Guest Blog: Richard Edelman Responds to ‘Deadly Spin’

Edelman president and CEO Richard Edelman took to the firm’s blog with his reaction to Wendell Potter’s new book Deadly Spin. After the jump, read Edelman’s post about the book in its entirety. A sneak preview: “Inaccurate representations of the PR industry—such as yours— ‘not so much for public relations as for public deception’– feed misconceptions of what we do.”

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Deadly Spin

I spent this weekend reading Deadly Spin, former PR man Wendell Potter’s tale of his conversion from corporate “spin-meister” to health care reform advocate. Potter’s story moves along two tracks, a personal awakening to the evils of managed care interspersed with salvos against the PR business. I will concentrate on his critique of PR, leaving the health care issues to those more expert in the field.

Potter’s central thesis is that “Good PR is about control…PR people are good at manipulating the news media because they understand them…PR people cultivate reporters, ostensibly for friendship or mutual benefit, but more realistically for manipulation…With years of practice, I learned how to respond with a pithy remark if I wanted to be quoted and how to baffle them with bullshit if I didn’t…Be obscure clearly…I became a master at doing just that.”

Potter acknowledges that “PR has been used to good ends. Even the noblest of causes can benefit from the services of a communications expert to clarify facts….and there are plenty of ethical PR people out there to do this.” He quickly takes back even this modest acknowledgement with his other hand, “With PR so intricately woven into every major industry and today’s mass media reality, the stakes of spin have become incredibly high. And ethics do slip. PR often crosses the line into misleading, withholding or simply lying. And when it does, society suffers…”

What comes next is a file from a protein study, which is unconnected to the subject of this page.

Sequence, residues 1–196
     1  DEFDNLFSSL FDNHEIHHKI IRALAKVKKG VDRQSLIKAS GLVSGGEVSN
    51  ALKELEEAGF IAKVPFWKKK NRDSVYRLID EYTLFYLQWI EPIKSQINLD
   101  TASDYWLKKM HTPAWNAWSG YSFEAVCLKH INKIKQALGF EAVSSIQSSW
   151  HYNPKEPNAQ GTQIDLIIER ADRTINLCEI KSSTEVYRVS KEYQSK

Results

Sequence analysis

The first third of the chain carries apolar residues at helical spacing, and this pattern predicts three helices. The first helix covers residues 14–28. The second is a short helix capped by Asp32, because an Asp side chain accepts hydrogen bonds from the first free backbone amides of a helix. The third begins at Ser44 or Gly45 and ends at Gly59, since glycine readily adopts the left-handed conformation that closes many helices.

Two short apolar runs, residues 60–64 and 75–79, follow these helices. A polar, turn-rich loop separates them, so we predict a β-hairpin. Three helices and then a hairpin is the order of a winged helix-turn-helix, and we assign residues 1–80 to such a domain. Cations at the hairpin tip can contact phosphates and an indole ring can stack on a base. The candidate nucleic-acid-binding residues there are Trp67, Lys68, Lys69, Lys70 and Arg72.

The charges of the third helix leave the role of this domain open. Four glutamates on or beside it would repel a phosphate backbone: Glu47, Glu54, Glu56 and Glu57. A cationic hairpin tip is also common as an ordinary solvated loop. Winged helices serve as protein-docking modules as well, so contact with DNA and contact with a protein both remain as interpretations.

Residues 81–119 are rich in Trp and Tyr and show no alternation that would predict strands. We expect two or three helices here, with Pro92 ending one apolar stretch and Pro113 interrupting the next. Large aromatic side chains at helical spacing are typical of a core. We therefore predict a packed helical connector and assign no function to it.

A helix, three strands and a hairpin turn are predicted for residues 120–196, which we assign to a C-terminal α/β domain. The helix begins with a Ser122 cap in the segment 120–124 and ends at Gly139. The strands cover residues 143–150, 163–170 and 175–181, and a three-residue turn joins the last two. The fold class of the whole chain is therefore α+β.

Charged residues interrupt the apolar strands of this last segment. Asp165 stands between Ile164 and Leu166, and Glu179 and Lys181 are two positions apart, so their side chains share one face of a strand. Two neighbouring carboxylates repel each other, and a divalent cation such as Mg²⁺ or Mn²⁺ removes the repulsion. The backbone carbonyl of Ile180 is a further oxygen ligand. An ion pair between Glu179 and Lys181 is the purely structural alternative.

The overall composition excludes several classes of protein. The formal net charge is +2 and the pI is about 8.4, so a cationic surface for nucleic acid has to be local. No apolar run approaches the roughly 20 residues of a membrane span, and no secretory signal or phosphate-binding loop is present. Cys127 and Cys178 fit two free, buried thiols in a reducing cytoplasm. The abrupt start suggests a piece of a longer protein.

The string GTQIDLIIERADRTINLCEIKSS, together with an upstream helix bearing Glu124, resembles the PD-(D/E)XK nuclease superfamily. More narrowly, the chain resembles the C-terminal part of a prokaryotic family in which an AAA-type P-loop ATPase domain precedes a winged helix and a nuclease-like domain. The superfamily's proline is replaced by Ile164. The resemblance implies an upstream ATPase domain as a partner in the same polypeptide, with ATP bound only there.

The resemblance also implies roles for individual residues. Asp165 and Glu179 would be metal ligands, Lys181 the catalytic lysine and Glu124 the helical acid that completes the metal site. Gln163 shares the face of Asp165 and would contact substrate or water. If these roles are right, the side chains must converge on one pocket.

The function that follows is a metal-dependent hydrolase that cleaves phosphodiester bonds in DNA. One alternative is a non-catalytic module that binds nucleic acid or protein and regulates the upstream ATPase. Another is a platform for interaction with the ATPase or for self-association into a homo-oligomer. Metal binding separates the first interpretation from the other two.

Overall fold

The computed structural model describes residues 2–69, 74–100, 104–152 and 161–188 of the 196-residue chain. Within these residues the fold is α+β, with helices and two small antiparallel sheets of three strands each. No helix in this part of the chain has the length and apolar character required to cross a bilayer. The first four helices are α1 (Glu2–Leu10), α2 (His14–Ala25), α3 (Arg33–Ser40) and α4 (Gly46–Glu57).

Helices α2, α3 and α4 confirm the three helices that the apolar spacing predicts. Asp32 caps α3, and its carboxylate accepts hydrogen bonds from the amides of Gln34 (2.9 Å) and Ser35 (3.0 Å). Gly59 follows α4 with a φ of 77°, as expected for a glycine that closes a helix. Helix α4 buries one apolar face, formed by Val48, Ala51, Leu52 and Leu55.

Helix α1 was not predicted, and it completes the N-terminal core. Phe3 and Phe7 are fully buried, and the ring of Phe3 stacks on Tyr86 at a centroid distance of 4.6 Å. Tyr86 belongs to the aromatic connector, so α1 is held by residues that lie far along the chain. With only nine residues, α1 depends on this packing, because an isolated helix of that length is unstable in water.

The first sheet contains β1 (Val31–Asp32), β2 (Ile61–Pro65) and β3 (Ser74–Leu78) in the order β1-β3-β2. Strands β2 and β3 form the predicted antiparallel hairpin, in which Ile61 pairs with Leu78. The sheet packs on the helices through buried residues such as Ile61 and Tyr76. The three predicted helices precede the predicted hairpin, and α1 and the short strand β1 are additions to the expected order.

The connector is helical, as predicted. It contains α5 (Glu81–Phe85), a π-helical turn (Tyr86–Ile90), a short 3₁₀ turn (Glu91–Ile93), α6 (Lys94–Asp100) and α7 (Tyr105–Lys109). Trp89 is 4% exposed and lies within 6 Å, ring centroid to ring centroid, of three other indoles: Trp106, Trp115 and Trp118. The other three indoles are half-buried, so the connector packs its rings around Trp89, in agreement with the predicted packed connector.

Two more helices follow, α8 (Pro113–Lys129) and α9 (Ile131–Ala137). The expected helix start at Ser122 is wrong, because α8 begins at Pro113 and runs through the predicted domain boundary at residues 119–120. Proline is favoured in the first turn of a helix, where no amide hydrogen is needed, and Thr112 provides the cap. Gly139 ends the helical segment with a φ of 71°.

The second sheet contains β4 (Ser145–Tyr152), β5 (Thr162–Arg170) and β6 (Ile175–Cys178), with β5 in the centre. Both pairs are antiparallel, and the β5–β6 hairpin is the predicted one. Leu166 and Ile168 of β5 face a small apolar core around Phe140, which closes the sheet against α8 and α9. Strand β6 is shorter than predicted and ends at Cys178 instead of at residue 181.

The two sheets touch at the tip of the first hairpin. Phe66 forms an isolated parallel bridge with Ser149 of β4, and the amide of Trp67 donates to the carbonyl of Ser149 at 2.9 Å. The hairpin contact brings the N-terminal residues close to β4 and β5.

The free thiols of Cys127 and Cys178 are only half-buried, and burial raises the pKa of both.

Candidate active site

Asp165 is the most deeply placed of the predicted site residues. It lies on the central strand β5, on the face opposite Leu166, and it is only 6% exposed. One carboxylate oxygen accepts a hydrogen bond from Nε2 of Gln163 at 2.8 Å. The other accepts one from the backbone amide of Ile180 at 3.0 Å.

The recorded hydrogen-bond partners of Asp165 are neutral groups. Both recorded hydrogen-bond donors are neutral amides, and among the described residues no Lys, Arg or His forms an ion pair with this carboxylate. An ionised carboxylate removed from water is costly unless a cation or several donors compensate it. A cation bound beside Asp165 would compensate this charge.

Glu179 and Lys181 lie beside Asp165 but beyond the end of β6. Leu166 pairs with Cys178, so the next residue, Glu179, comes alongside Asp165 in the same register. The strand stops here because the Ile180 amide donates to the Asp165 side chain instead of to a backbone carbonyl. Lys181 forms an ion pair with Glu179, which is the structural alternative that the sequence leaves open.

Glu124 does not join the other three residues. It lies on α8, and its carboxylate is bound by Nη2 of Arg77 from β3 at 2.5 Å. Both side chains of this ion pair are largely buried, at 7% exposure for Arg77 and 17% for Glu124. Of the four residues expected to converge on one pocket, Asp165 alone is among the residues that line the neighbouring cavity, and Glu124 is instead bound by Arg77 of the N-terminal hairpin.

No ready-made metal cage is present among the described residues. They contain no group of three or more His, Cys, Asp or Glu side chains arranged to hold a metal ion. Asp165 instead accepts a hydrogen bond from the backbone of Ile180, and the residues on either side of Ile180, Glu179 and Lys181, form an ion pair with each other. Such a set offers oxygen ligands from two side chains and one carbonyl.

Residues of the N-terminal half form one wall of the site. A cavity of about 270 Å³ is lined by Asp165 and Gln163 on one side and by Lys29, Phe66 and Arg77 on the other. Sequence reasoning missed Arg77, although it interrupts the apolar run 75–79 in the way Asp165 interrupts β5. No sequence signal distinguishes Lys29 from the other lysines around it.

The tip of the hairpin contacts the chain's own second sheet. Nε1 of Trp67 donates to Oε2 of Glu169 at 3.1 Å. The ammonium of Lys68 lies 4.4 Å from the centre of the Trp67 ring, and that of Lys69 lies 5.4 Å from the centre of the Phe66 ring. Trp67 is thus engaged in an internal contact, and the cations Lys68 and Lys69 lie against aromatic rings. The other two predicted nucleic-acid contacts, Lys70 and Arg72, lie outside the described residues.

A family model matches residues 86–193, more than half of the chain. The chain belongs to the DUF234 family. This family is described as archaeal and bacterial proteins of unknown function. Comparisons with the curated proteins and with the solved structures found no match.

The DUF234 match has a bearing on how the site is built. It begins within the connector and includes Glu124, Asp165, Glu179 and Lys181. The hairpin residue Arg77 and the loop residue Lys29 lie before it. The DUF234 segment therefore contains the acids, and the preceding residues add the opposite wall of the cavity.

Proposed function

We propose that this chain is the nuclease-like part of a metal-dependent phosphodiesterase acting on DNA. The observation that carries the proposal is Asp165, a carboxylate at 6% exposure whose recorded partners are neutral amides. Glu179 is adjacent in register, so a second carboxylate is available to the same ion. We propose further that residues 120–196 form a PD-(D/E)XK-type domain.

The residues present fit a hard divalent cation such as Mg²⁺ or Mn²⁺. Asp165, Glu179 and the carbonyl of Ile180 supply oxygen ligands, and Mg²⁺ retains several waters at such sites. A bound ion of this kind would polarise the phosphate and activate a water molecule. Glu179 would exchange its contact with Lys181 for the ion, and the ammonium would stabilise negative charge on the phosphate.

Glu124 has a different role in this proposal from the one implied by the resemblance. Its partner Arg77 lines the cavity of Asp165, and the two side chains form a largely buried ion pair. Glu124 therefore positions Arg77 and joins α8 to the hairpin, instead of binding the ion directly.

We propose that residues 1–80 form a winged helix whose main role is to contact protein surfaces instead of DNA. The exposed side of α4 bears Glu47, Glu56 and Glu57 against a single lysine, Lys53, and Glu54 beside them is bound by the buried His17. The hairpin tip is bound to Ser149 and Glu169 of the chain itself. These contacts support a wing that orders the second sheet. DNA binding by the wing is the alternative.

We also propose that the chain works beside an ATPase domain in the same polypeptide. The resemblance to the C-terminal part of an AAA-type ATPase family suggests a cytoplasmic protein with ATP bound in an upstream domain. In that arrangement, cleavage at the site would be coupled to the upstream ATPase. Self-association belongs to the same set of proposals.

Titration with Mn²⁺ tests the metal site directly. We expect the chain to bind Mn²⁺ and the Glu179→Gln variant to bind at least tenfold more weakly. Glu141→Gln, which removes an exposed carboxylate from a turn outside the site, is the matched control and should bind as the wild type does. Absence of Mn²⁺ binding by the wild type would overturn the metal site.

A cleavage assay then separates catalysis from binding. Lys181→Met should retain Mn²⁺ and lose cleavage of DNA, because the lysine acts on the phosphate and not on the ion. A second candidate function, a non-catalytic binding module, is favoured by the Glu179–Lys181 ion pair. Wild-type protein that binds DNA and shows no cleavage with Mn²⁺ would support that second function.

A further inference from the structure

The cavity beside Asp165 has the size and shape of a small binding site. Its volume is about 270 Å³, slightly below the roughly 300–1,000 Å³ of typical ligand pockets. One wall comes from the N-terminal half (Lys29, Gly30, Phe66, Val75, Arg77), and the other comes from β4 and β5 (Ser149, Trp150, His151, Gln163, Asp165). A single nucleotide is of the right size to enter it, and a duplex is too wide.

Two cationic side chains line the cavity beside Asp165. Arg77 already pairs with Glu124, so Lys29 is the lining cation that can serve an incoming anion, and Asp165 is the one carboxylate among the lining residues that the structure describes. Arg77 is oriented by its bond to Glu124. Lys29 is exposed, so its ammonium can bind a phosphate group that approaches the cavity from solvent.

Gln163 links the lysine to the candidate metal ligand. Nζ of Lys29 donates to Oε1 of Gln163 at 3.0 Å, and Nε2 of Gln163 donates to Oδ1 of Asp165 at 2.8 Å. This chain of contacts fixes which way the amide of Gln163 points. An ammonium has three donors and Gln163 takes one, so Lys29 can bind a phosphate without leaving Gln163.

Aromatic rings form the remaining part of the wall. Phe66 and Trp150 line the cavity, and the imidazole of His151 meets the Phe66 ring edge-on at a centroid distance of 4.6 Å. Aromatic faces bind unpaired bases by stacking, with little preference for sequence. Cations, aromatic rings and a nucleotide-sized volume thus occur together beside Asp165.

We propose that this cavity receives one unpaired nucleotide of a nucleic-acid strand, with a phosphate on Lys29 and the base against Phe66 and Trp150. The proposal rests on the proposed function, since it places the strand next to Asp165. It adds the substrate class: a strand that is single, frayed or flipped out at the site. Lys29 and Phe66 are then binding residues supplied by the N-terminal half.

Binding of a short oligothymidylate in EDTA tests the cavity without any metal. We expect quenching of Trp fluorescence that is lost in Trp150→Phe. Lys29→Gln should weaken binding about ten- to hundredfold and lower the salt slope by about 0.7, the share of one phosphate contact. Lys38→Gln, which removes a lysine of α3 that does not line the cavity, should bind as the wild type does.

Most outrageous is Potter’s conflation of propaganda and modern public relations. He goes back to one of the giants of the profession, Edward Bernays, whose book Propaganda, written in 1928, ostensibly wound up on the bookshelf of Third Reich minister Joseph Goebbels. Potter then goes on to suggest that Hitler’s Mein Kampf discusses manipulation of public opinion “in terms that could be used by one of today’s PR counselors.” He quotes the Fuhrer as saying, “All effective propaganda must be limited to a very few points and must harp on these in slogans.” He even quotes the Institute for Propaganda Analysis report from the late 30s uncovering effects of domestic manipulative practices of advertisers and businesses, using “propaganda/PR ploys” such as “Fear, Glittering Generalities, Testimonials, Name-Calling, Plain Folks, Euphemisms, Bandwagon and Transfer by Respected Individuals.”

He concludes his book with a bizarre “What If?” He suggests that “without basic knowledge of PR tactics and the ability to distinguish between fact and distortion, Americans—and that includes journalists—are at the mercy of spin doctors and PR practitioners whose loyalty to their clients outweighs the public’s right to the truth….We need the Woodward and Bernsteins of coming generations to ensure that Americans have access to truth and that a health balance between news and spin is in place. Otherwise our news will be coming, whether we know it or not, from companies with names like the Hawthorn Group, Edelman, Porter Novelli and APCO. If so, our way of life will truly be threatened.”

Ok, Mr. Potter, since you are calling out Edelman, let me agree with you on a few points. Front groups should not be used to cover up the true intent of a client. Biased research surveys should not purport to be factual representation of the views of the public. Communications campaigns where clients say one thing and mean another are duplicitous.